The instrument produced by this study has the potential to provide the regression client with a suggestion that past life memories are credible. It provides an opportunity to receive a favorable comparison between the client’s Philosophical and Experiential Profile scores and those of the VG. The inference that may result is, “My scores compare favorably to those of the Validation Group, and since they have verified and/or have believable past life memories, my memories may also be credible.” Therefore, the instrument provides regression clients with a type of convincer.

The methodology included the design and implementation of a questionnaire given to 25 previously regressed clients in order to establish a range of scores that identified the VG. Individuals were either qualified or disqualified for the VG per their scores on the following:

  1. A belief that their past life memories were real (as self-rated on a 1 to 10 scale).
  2. The details of their past life memories remained constant (Schlotterbeck, p. 50 and Bowman, p. 25) after a minimum of one month (also self-rated on a 1 to 10 scale).
  3. A “Yes” or “No” response was given as to whether the individual had verified the memories with names, dates, places, or some other form of verification as described above (Schlotterbeck, pp. 37–46).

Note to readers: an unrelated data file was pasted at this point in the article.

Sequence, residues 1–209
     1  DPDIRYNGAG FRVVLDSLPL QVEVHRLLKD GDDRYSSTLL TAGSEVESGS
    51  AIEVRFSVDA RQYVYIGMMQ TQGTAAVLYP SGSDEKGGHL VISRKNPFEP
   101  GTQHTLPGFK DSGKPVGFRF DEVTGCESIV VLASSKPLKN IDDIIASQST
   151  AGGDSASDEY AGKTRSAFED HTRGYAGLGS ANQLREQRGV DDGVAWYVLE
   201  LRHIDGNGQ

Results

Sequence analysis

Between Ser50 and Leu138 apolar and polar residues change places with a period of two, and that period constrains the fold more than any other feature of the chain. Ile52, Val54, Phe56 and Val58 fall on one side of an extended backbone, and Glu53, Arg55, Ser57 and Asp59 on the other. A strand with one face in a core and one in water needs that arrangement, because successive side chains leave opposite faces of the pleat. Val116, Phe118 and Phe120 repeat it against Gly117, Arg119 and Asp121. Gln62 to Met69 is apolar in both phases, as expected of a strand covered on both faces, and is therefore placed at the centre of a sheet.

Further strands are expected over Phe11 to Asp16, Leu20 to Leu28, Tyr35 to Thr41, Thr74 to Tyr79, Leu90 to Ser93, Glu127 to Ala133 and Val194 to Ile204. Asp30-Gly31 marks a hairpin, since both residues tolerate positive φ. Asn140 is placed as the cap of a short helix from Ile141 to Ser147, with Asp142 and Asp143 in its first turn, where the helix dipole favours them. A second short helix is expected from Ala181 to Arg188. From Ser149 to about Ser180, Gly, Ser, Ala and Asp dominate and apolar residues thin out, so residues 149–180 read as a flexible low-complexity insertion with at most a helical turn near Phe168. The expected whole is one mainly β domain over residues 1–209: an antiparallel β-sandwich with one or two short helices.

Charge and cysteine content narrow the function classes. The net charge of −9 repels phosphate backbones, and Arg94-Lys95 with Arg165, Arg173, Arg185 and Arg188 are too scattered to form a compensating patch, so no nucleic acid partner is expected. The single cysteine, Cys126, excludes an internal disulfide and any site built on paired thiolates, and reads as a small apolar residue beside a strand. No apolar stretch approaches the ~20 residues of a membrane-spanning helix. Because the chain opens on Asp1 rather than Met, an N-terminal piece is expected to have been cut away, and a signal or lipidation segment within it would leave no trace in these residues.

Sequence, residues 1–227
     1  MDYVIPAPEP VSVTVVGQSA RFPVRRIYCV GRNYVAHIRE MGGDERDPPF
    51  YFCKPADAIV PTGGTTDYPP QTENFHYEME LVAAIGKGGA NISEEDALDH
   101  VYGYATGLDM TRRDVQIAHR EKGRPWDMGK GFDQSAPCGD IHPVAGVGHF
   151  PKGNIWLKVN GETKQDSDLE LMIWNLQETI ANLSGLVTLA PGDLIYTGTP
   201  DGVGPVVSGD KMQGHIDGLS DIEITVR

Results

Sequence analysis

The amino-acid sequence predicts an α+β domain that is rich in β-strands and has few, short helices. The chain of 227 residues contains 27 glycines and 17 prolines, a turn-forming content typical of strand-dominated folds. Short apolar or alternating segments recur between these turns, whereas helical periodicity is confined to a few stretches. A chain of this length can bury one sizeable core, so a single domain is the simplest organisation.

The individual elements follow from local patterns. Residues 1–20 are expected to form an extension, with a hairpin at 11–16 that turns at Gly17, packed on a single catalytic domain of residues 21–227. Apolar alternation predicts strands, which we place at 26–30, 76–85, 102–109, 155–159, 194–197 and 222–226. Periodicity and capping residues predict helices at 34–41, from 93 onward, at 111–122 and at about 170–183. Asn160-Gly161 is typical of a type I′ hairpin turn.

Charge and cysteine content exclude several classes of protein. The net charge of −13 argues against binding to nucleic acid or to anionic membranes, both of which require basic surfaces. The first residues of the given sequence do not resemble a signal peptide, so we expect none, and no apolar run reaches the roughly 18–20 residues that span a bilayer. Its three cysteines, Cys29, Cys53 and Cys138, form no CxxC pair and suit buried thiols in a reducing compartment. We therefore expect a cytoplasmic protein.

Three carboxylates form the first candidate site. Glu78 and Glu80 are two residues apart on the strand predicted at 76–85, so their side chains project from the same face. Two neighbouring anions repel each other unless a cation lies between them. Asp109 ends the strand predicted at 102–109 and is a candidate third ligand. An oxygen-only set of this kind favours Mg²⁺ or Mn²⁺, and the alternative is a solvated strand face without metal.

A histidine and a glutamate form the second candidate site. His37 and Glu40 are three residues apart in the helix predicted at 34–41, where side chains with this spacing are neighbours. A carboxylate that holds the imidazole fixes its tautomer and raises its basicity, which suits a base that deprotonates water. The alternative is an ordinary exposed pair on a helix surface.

In order to qualify for the VG, the individuals needed to score 8 or above on numbers 1 and 2. A “Yes” on number 3, i.e., the individual had verified memories, was an automatic qualifier for the VG.


Table 1: Selection of the Validation Group (VG)

Category Number of respondents Percent
Total number of respondents 25 100%
Total number of respondents that qualified for the VG 16 64%
Total number of VG with verified memories 7 43.75% of VG


Once the VG was determined, I combined all VG data, and the total scores were designated into the following categories: Superior, Excellent, and Good. Using the combined scores obtained from only numbers 1 and 2 of the VG’s data, the range of scores was observed to be from a low of 40 to a high of 60. I divided the range between the scores of 40 to 60 into three categories, resulting in approximately 7.0 points per category. Hence, the range for the Superior category is 54 to 60, Excellent is 47 to 53, and Good is 40 to 46. A score of 39 or lower constitutes a non-match. Table 2 details the breakdown of scores into the three categories.


Table 2: Determination of Categories for the Validation Group

Total Score* Number in VG Percent of VG Category
54–60 13 81.25% SUPERIOR
47–53 1 6.25% EXCELLENT
40–46 2 12.5% GOOD
39 or lower 0 0 Not a match

* Total Score represents a total of all data acquired from the VG.